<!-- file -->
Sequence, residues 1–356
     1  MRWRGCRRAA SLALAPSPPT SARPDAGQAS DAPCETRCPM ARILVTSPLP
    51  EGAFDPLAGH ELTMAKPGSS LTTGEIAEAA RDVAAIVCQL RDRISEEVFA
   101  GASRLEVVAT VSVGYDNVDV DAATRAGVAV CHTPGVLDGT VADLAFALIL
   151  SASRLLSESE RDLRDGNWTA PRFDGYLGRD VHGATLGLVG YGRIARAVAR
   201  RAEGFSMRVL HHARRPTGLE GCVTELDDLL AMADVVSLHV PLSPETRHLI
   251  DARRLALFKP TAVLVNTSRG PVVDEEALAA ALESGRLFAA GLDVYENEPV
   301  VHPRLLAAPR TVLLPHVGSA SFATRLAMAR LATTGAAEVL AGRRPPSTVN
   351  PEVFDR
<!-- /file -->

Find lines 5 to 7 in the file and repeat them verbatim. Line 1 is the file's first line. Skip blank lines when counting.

   151  SASRLLSESE RDLRDGNWTA PRFDGYLGRD VHGATLGLVG YGRIARAVAR
   201  RAEGFSMRVL HHARRPTGLE GCVTELDDLL AMADVVSLHV PLSPETRHLI
   251  DARRLALFKP TAVLVNTSRG PVVDEEALAA ALESGRLFAA GLDVYENEPV